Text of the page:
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Program Information
 Party for Socialism and Liberation  Contact Contributor
Nov. 9, 2013, 10:38 p.m.
Reading from Liberation Newspaper. Full text:

The mainstream media says that the current economy of lower wages, mass unemployment and the loss of benefits and pensions represents the "new normal" as U.S. workers are forced to compete with their counterparts internationally for jobs.

But, actually, the new normal is not new. In the last few decades, the advanced capitalist economies have returned to the norms that existed prior to World War II.

Before World War II, the working classes in Europe and the United States experienced recurrent periods of mass unemployment and impoverishment of large sections of the population. The working class in general lived a precarious existence and typically earned a subsistence wage just enough to survive on. There were few job protections, and a worker who was sick or elderly, and thus could not earn a wage, was forced to rely on charity or starve.

The government blatantly served big business. Labor unions were demonized, and workers feared that any form of struggle would lead to their firing and replacement. Sounds familiar, doesn't it? The current period is not an exact copy of that era, elements of the social safety net remain, and workers today can live somewhat beyond their wage because of limited access to cheap credit. But the direction of the current era is clear. The "new normal" is a reversion to the historic normal of the capitalist mode of production.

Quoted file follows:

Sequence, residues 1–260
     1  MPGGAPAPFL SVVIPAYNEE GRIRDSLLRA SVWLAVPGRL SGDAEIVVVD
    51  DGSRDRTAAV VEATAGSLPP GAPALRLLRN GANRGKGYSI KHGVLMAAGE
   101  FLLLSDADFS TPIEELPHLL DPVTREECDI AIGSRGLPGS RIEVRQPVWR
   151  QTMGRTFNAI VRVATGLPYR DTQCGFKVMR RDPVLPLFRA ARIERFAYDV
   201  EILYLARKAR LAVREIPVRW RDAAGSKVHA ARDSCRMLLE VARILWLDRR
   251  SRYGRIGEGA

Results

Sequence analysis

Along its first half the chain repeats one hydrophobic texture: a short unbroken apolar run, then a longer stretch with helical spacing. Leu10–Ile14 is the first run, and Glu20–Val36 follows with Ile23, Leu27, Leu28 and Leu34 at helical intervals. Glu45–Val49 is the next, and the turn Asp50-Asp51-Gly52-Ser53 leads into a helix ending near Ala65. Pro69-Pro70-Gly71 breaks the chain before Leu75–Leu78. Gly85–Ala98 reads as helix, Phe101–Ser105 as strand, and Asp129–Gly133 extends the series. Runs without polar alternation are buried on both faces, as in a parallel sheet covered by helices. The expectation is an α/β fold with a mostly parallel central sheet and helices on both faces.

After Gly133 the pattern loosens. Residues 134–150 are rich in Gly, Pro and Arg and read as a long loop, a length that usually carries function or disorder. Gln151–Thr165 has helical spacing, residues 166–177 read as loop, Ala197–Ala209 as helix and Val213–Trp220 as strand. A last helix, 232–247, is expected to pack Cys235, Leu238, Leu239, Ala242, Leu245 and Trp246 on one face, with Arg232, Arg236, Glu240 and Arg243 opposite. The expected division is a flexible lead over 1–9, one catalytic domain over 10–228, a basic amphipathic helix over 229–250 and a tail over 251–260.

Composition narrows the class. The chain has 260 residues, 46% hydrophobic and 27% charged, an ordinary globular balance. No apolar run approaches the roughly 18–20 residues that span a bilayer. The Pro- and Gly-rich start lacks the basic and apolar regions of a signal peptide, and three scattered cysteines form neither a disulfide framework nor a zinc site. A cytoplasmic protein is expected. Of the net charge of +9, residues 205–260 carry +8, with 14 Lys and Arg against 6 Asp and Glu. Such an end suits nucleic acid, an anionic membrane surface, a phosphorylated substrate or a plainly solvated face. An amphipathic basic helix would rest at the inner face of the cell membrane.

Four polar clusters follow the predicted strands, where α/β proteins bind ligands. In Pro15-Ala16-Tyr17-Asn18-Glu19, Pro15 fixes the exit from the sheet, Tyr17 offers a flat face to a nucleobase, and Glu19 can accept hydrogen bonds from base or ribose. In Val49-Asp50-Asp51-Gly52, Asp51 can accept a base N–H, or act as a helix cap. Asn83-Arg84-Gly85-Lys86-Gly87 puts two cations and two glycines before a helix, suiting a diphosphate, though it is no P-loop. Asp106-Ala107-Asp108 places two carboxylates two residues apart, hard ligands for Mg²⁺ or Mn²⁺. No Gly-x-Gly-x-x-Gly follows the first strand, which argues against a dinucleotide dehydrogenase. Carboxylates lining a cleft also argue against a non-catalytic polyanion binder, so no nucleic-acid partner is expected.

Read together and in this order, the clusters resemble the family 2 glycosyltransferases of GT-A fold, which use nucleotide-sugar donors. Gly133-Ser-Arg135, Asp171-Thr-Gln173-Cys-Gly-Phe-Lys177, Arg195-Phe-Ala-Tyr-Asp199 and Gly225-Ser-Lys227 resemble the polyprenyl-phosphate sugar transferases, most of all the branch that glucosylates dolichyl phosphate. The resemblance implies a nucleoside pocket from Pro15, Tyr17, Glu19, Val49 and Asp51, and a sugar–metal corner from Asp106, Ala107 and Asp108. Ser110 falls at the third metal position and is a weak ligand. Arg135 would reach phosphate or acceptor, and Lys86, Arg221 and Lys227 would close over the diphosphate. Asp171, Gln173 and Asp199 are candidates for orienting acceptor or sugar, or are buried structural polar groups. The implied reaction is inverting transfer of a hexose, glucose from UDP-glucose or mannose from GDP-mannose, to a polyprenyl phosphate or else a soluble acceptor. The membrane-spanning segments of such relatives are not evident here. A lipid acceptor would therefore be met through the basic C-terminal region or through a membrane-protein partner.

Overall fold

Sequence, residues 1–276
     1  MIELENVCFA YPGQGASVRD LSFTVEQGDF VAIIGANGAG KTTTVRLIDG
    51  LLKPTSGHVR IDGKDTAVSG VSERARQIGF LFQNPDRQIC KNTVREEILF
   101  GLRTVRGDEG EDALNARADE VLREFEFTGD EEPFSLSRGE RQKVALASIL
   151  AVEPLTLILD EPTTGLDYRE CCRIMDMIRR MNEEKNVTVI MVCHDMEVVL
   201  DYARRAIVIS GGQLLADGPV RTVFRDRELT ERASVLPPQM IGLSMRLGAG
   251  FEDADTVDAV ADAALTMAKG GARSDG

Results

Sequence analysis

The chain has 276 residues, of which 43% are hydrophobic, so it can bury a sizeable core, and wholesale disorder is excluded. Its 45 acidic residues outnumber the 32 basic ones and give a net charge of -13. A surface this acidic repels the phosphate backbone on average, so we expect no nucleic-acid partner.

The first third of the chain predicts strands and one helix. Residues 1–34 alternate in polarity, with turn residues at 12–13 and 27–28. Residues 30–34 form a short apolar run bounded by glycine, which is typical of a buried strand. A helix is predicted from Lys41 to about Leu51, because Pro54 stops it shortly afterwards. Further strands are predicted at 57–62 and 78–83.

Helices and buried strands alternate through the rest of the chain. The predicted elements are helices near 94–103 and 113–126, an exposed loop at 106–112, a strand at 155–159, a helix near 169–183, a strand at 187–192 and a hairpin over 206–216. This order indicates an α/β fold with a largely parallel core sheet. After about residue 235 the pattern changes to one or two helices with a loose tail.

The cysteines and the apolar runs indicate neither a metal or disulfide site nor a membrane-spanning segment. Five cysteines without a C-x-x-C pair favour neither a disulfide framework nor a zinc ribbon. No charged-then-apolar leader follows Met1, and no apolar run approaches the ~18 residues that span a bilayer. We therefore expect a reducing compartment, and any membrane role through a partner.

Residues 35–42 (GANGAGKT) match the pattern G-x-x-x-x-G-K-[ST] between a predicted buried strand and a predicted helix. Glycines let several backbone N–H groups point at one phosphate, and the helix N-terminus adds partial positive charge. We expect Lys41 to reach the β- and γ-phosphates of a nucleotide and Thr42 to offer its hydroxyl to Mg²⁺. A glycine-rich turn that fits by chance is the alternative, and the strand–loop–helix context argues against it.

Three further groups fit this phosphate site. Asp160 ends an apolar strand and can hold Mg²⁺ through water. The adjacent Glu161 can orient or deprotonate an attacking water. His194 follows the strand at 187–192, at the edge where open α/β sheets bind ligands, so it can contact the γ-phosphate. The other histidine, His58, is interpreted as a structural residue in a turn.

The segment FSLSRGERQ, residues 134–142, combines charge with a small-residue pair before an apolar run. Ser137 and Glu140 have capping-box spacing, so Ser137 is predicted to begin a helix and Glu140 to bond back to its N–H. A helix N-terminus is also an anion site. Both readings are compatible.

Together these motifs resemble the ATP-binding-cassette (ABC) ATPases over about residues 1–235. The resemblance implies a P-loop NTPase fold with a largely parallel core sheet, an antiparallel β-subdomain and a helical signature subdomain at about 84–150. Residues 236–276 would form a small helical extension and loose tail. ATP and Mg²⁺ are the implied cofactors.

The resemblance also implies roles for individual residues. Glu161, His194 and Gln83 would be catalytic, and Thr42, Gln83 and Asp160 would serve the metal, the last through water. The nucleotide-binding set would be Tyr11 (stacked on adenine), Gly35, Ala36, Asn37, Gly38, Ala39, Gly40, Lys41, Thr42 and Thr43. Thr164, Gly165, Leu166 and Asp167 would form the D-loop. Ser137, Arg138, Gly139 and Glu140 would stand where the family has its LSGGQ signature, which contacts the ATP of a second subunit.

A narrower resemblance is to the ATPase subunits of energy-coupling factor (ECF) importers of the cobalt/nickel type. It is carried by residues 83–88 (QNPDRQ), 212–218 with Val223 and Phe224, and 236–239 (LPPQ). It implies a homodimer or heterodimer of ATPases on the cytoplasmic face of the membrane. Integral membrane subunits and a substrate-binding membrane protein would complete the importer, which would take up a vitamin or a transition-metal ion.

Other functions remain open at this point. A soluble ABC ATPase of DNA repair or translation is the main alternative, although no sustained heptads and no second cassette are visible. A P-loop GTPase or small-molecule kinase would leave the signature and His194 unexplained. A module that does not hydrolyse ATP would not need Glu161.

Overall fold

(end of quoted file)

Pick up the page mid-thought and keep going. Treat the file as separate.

Karl Marx wrote extensively on the subject of these basic features of capitalism. In "Capital," he wrote of the "general law" of the system to establish an "accumulation of misery, corresponding with accumulation of capital. Accumulation of wealth at one pole is, therefore, at the same time accumulation of misery, agony of toil, slavery, ignorance, brutality, mental degradation, at the opposite pole; i.e., on the side of the class that produces its own product in the form of capital."

Marx did not argue that the wages and conditions of the workers were incapable of improvement. He himself fought fiercely for economic and social reforms. He advocated for the formation of labor unions, which by struggling could improve wages, benefits, and the length of the workday, while serving as well as a school for class struggle.

But Marx made clear that the gains won by the working class at one moment, in one era, can be undermined either by economic crisis, inflation in prices or an assault waged by the bosses during periods of high unemployment, which increased competition among workers for scarce jobs.

Contrary to the assertions of those who advocate class collaboration, Marx exposed that the benefits achieved by the working class were only based on its struggle, not mutual "sharing" of the benefits of capital accumulation.

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